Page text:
KIEV, Ukraine -- Early results in Ukraine's presidential election on Sunday show a comedian with no political experience as the early favorite to make it to the April 21 runoff.
The country's elections commission said that with a little more than 1 percent of the ballots counted, Volodymyr Zelenskiy had 27 percent of the vote, with incumbent President Petro Poroshenko and former Prime Minister Yulia Tymoshenko each about 10 percentage points behind and battling for second place.
Final results were expected to be announced this morning.
An exit poll by the Kiev International Institute of Sociology and the Razumkov public opinion organization had Zelenskiy leading the field of 39 candidates with 30.4 percent of the vote, more than 12 percentage points ahead of Poroshenko. The poll claimed a margin of error of 2.5 percentage points.
Zelenskiy, 41, stars in a TV sitcom about a teacher who becomes president after a video of him denouncing corruption goes viral.
Like the popular character he plays, Zelenskiy, 41, made corruption a focus of his candidacy. He proposed a lifetime ban on holding public office for anyone convicted of graft. He also called for direct negotiations with Russia on ending the conflict in eastern Ukraine.
"A new life, a normal life is starting," Zelenskiy said after casting his ballot in Kiev. "A life without corruption, without bribes."
His lack of political experience helped his popularity with voters in the country of 42 million people. Many citizens are disillusioned with the country's political elite and coping with endemic corruption, a struggling economy and a seemingly intractable conflict with Russia-backed separatists in eastern Ukraine that has killed 13,000 people since 2014.
"Zelenskiy has shown us on the screen what a real president should be like," said voter Tatiana Zinchenko, 30, who cast her ballot for the comedian. "He showed what the state leader should aspire for -- fight corruption by deeds, not words, help the poor, control the oligarchs."
The election was shadowed by allegations of widespread vote buying. Police said they had received more than 2,100 complaints of violations on voting day alone in addition to hundreds of earlier voting fraud claims, including bribery attempts and removing ballots from polling places.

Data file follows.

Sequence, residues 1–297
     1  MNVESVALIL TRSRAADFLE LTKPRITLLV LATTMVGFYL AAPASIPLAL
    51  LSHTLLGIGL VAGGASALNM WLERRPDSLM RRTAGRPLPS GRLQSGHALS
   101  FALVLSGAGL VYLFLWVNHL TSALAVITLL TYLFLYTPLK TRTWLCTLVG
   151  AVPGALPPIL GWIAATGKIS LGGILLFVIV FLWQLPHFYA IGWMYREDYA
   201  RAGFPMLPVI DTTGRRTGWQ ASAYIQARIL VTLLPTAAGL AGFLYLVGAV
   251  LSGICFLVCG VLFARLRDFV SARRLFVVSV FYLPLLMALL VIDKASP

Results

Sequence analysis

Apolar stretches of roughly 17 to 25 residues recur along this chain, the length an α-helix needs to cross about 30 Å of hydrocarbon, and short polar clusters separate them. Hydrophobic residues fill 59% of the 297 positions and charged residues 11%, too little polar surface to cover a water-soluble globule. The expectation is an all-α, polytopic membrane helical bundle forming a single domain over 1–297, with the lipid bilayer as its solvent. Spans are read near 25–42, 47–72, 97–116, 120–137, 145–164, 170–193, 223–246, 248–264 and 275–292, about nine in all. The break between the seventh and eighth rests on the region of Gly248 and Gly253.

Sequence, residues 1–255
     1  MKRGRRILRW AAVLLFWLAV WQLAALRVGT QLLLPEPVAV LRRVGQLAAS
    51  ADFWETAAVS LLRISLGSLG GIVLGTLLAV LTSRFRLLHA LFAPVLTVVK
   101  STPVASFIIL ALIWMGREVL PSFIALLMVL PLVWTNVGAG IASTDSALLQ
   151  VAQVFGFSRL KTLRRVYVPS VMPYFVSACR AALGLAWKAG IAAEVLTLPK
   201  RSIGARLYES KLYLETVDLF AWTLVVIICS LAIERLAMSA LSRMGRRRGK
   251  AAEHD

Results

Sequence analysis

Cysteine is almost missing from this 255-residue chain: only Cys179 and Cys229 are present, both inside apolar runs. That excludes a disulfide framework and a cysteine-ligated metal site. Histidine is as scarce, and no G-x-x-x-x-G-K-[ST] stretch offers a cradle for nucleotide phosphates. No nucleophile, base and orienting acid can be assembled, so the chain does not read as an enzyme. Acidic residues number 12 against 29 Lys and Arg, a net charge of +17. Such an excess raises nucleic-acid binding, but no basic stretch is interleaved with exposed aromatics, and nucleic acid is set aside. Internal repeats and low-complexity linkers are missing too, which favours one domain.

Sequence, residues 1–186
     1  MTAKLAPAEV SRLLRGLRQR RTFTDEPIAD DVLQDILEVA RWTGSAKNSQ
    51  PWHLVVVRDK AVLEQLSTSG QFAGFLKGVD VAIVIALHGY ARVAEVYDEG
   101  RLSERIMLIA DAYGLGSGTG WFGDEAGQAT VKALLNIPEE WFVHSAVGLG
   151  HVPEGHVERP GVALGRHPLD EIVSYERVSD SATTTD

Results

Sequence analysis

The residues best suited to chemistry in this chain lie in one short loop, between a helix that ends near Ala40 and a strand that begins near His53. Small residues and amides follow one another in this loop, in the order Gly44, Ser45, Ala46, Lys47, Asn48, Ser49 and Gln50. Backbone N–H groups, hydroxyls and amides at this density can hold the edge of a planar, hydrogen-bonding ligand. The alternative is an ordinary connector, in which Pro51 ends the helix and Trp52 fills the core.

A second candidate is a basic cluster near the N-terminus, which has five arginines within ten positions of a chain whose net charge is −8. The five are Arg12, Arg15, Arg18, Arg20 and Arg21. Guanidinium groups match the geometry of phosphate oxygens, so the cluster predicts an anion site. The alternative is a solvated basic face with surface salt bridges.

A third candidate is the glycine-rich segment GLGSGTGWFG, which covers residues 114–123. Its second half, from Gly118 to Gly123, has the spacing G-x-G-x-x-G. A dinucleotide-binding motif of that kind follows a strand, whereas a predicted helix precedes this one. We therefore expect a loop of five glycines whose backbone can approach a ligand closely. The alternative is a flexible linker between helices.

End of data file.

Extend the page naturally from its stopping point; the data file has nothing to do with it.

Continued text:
Poroshenko said "I feel no kind of euphoria" after the exit poll results were announced.
"I critically and soberly understand the signal that society gave today to the acting authorities," he said.
Poroshenko, 53, a confectionary tycoon when he was elected five years ago, pushed successfully for the Ukrainian Orthodox Church to be recognized as self-standing rather than a branch of the Russian church.
However, he saw his approval rating sink as Ukraine's economy struggled and living standards fell. Poroshenko campaigned on promises to defeat the rebels in the east and to wrest back control of Crimea, which Russia annexed in 2014 in a move that has drawn sanctions against Russia from the United States and the European Union.
Speaking at a polling station Sunday, the president echoed his campaign promises of taking Ukraine into the EU and NATO.
The president's priorities persuaded schoolteacher Andriy Hristenko, 46, to vote for him.
"Poroshenko has done a lot. He created our own church, bravely fought with Moscow and is trying to open the way to the EU and NATO," Hristenko said.
Ukraine's former prime minister, Tymoshenko, shaped her message around the economic distress of millions in the country.
"Ukraine has sunk into poverty and corruption during the last five years, but every Ukrainian can put an end to it now," she said after voting Sunday.
During the campaign, Tymoshenko denounced price increases introduced by Poroshenko as "economic genocide," and she promised to reduce prices for household gas by 50 percent within a month of taking office.
"I don't need a bright future in 50 years," said Olha Suhiy, 58, a cook who supported Tymoshenko. "I want hot water and heating to cost less tomorrow."
The incumbent president has described both Zelenskiy and Tymoshenko as puppets of self-exiled billionaire businessman Igor Kolomoyskyi, and both candidates have denied the charges.
Many political observers have described the presidential election as a battle between Ukraine's president and Kolomoyskyi. They note that just days before the election, Kolomoyskyi's TV channel began airing a new season of Servant of the People, the series in which Zelenskiy plays Ukraine's corruption-fighting president.
Information for this article was contributed by Mstyslav Chernov, Jim Heintz and Vladimir Isachenkov of The Associated Press.
A Section on 04/01/2019
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